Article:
Shadow of the Vampire
is a film full of good ideas that are only partially developed. Clever, engaging, and boosted by the sublime casting of Willem Dafoe as Nosferatu
"actor" Max Schreck, its premise is ripe with possibilities but the movie's too slight to register much impact: characters remain achingly underdeveloped and the whole lacks a sense of pace or structure. What's left, however, is enough for anyone to get their teeth into: the delightful performances from a sterling cast and director E Elias Merhige's affectionately tongue-in-cheek homage to a landmark of German silent cinema. John Malkovich is aptly loony as the eccentric director FW Murnau, whose passion in filming the 1922 classic Nosferatu
leads to the extreme casting of Schreck as the vampire, a vision of evil who, in this movie's delightfully twisted imagination, actually is a vampire, sucking the blood of cast and crew members who've dismissed Schreck as an over-zealous method actor.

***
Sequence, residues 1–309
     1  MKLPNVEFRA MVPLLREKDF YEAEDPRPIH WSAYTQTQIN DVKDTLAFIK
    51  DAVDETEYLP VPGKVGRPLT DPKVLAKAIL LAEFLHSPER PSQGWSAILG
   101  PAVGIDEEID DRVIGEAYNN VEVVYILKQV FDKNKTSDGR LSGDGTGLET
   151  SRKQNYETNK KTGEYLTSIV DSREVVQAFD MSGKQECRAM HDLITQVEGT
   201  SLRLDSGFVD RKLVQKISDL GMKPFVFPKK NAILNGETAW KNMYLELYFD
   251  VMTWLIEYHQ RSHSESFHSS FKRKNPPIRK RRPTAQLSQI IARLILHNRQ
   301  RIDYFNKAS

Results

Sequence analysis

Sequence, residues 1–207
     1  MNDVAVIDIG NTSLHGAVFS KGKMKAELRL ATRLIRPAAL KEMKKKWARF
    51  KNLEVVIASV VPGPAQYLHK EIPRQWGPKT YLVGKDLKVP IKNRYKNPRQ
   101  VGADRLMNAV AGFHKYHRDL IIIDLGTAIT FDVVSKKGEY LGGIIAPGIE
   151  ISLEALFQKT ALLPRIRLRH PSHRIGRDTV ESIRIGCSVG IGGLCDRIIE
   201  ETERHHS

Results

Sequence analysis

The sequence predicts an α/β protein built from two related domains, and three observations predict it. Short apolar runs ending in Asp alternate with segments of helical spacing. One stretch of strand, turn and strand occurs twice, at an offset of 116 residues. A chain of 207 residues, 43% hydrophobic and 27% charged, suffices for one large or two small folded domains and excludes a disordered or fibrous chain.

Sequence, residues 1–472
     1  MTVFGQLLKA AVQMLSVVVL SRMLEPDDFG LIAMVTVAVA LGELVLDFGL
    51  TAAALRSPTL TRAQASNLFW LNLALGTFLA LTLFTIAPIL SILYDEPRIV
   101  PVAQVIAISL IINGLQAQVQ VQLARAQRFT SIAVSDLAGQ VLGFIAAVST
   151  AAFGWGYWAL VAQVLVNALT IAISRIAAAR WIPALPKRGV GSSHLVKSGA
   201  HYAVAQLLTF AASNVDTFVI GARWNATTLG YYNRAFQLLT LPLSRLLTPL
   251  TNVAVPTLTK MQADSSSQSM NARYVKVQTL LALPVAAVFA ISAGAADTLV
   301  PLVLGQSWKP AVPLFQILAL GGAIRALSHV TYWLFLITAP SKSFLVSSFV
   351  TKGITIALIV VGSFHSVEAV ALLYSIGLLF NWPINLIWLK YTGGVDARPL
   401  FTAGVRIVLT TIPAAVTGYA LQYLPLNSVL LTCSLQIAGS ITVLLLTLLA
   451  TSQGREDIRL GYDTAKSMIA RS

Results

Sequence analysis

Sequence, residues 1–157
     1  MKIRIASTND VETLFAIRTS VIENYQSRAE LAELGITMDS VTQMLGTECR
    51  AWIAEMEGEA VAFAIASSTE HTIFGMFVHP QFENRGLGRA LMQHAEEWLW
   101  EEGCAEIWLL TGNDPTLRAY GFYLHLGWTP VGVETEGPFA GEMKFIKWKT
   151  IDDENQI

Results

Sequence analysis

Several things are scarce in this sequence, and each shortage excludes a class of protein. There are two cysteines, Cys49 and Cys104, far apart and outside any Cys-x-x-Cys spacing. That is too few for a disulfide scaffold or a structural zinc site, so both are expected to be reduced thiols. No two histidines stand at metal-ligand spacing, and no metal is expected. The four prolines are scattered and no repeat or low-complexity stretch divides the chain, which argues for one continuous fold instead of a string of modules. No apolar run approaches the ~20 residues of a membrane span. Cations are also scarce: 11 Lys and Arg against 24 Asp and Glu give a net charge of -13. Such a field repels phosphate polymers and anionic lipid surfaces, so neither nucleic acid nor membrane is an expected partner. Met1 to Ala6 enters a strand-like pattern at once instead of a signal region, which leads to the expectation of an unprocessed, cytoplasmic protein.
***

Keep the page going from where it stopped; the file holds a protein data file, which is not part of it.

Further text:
As these on-set maladies and "accidents" continue, Schreck wields greater control over Murnau, who descends into a kind of obsessive art-for-art's-sake madness until diva co-star Greta Schroeder (Catherine McCormack, doing wonderful work) is served up as the actor's ultimate motivation. Merhige and his actors (including Cary Elwes, as intrepid cameraman Fritz Wagner) have great fun with this ghastly escapade, and the humour is kept delicately subtle to balance the movie's artistic aspirations. To that end, Dafoe is just right, his bald pate and gaunt features a perfect match for the mysterious Schreck, his grimace and talon-like fingers suggesting a human vulture on the prowl. Likewise, the re-creation of Nosferatu's expressionist style is both fanciful and brilliantly authentic. Too bad, then, that this movie suffers from a case of vampiric anaemia, with budgetary shortcomings apparently the cause of at least some of its shortcomings; if Shadow of the Vampire shared the depth and richness of, say, Ed Wood, it might have been a cult classic for the ages. --Jeff Shannon, Amazon.com